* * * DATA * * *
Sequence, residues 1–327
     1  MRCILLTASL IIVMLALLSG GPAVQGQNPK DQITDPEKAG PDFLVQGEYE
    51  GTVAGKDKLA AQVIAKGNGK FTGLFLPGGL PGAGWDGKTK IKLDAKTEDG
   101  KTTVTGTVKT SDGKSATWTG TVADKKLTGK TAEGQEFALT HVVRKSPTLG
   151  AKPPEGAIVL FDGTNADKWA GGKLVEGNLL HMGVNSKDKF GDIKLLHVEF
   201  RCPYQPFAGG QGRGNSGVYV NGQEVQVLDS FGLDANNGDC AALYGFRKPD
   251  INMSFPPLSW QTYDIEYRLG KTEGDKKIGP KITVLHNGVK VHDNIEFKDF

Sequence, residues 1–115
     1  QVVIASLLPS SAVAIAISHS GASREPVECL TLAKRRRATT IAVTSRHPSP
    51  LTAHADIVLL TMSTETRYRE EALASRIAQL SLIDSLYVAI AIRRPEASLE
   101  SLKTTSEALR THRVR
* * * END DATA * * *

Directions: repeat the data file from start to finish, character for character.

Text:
Sequence, residues 1–327
     1  MRCILLTASL IIVMLALLSG GPAVQGQNPK DQITDPEKAG PDFLVQGEYE
    51  GTVAGKDKLA AQVIAKGNGK FTGLFLPGGL PGAGWDGKTK IKLDAKTEDG
   101  KTTVTGTVKT SDGKSATWTG TVADKKLTGK TAEGQEFALT HVVRKSPTLG
   151  AKPPEGAIVL FDGTNADKWA GGKLVEGNLL HMGVNSKDKF GDIKLLHVEF
   201  RCPYQPFAGG QGRGNSGVYV NGQEVQVLDS FGLDANNGDC AALYGFRKPD
   251  INMSFPPLSW QTYDIEYRLG KTEGDKKIGP KITVLHNGVK VHDNIEFKDF

Sequence, residues 1–115
     1  QVVIASLLPS SAVAIAISHS GASREPVECL TLAKRRRATT IAVTSRHPSP
    51  LTAHADIVLL TMSTETRYRE EALASRIAQL SLIDSLYVAI AIRRPEASLE
   101  SLKTTSEALR THRVR